Finding the Balance

imagesThis week, I’m supposed to be sharing with you fine readers how I find balance between writing and real life. But here’s the truth: I don’t. Or I haven’t. I haven’t is a little more hopeful, like maybe one day I’ll figure it out. But with twins coming any day now, upping my brood from two to four, I don’t think that day will be anytime soon.

Here’s what I have learned about balance: there’s not one key, one secret that will make everything click into place (at least not for me). But what does work for me is taking it one day at a time. I don’t give myself word counts that I have to hit, because inevitably something will come up (a sick child, a snow day, a sick me, a quick-turnaround freelance assignment) and I’ll throw my hands up in despair. Why can’t I do it all? What can’t I find the balance? 

But if I take it one day at a time and write when I have time to write, and mother when I need to mother, and also get a load of laundry done and maybe get dinner on the table and do it all without lamenting about all that I’m not doing, then that is what I call a successful day. And for now, that’s enough.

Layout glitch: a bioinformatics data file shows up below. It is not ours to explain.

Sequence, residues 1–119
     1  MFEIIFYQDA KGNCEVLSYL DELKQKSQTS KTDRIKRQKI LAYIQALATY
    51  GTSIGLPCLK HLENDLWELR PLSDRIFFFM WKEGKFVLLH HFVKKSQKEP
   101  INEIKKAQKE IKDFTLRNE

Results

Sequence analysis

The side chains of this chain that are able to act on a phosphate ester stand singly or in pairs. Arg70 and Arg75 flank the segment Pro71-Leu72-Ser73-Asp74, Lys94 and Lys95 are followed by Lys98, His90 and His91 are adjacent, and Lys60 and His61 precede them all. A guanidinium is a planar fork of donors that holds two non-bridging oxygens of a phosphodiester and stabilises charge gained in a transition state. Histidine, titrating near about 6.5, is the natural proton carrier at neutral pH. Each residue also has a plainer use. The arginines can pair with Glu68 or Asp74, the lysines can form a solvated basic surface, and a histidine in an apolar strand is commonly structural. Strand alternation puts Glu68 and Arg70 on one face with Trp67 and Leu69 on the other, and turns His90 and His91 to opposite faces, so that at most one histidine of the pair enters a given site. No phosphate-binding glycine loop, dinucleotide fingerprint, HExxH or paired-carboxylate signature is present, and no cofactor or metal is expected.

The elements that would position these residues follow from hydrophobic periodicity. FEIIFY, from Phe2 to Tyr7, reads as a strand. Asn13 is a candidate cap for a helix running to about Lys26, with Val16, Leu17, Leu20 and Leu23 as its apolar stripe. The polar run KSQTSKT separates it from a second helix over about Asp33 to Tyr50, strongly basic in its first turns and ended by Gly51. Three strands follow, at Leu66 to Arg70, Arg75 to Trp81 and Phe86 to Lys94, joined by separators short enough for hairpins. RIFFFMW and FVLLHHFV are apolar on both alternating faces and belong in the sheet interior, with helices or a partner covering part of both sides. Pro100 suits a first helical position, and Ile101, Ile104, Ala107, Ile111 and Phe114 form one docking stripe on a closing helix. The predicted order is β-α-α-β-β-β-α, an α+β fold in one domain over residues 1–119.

How do you balance your writing life and your real life?

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Colleen Oakley is the author of BEFORE I GO (Simon & Schuster/Gallery, Jan. 2015), a love story. A former editor for Marie Claire and Women's Health & Fitness, she's now an Atlanta-based freelance writer. Find out more at

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This article has 2 Comments

  1. I don’t really worry about the “balance.” Whoever said writers were supposed to be well balanced? 🙂

    For me, at least, the key is flexibility. If you depend on having a certain time of day, or a certain place, or all your outlines and note available to follow — well, that will be fine as long as things remain stable. But mostly things do change (family, job, etc.), and there goes your routine.

    I work at being flexible, writing wherever and whenever I can, often on my phone. The past few years have involved a lot of new (and often unpredictable) family demands, but I’ve still been able to get in my writing time.

  2. I appreciate your honesty here, Colleen. I suffer the same “Why can’t I do it all” moments of grief as well (and I don’t have 2-going-on-4 children in the house). Such great advice to take it one day at a time, and understand that some days WILL be more productive writing-wise than others. Just knowing that helps lessen how much we beat ourselves up, I think. We have to give ourselves a little wiggle room.

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